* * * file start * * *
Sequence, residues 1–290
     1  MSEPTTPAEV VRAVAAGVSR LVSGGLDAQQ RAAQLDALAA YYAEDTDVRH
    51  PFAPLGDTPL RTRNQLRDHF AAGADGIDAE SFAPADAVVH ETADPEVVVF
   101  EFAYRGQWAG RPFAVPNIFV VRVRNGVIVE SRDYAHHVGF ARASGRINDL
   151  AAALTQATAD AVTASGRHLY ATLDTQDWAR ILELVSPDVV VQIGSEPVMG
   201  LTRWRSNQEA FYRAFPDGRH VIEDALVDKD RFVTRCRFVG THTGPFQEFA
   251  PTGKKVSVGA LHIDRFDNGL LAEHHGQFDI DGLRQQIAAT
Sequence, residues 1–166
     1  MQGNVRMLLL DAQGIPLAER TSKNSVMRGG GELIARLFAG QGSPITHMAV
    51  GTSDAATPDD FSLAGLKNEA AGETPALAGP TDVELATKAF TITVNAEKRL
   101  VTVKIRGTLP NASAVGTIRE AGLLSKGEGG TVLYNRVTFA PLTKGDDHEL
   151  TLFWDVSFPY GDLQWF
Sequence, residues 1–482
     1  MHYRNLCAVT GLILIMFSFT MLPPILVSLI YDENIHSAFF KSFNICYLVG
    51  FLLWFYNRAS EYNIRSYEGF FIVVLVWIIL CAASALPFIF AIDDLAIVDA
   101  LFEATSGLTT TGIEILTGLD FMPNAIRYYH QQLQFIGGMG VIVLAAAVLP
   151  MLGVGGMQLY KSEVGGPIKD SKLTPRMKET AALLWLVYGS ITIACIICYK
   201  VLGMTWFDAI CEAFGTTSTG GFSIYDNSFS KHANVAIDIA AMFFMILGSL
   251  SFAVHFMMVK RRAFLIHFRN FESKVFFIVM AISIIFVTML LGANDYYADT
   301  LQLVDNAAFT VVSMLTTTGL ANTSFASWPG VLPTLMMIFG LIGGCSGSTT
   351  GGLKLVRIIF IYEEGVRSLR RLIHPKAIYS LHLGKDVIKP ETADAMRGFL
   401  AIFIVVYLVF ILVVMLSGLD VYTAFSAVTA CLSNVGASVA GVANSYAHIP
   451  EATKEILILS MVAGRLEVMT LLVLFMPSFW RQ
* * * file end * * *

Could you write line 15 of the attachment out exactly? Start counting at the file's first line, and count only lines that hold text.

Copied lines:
    51  FLLWFYNRAS EYNIRSYEGF FIVVLVWIIL CAASALPFIF AIDDLAIVDA